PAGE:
(Bloomberg) — Airlines could struggle to reach their near-term climate goals, according to Kristof Van Passel, head of procurement operations and development at Cathay Pacific.
That’s because the supply of lower-carbon sustainable aviation fuel (SAF) is “coming online slower than anticipated,” said Van Passel during the BloombergNEF summit in San Francisco on Wednesday.
Hong Kong-based Cathay Pacific, like most other major airlines, has pledged for 10% of their fuel to be sustainable by 2030. But the supply of SAF is likely to be 30% to 40% below the demand from airlines by the end of the decade, said Van Passel. “And we expect that gap to widen,” he added.
Read more: How United and Other US Airlines Lost Momentum on Sustainable Jet Fuel
The lower-carbon fuel is typically derived from animal fats, used cooking oil and other feedstocks. A number of startups are also trying to make the fuel from sources such as captured carbon dioxide. Reaching Cathay and other airlines’ 10% SAF target in six years is a massive challenge. SAF accounted for 0.03% of Cathay Pacific’s overall fuel consumption in 2022. Globally, SAF is about 0.1% of airlines’ fuel consumption today.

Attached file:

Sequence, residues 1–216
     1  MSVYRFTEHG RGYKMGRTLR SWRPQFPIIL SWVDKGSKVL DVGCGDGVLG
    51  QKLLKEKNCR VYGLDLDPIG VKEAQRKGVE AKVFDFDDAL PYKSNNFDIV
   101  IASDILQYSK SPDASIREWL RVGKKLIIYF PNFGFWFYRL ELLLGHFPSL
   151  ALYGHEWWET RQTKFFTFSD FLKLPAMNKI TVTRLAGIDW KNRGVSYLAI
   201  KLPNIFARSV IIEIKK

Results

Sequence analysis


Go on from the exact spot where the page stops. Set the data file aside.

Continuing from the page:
Another key challenge will be bringing down the cost of SAF, according to Van Passel, who said the lower-carbon fuels are two to three times more expensive than conventional jet fuel.
“Given the magnitude of the cost, it would drive any airline into losses within a matter of months,” he said.
Many airlines have balked at paying higher prices for cleaner fuels, despite touting their commitment to the SAF in advertisements and press releases, Bloomberg Green reported last year.
©2024 Bloomberg L.P.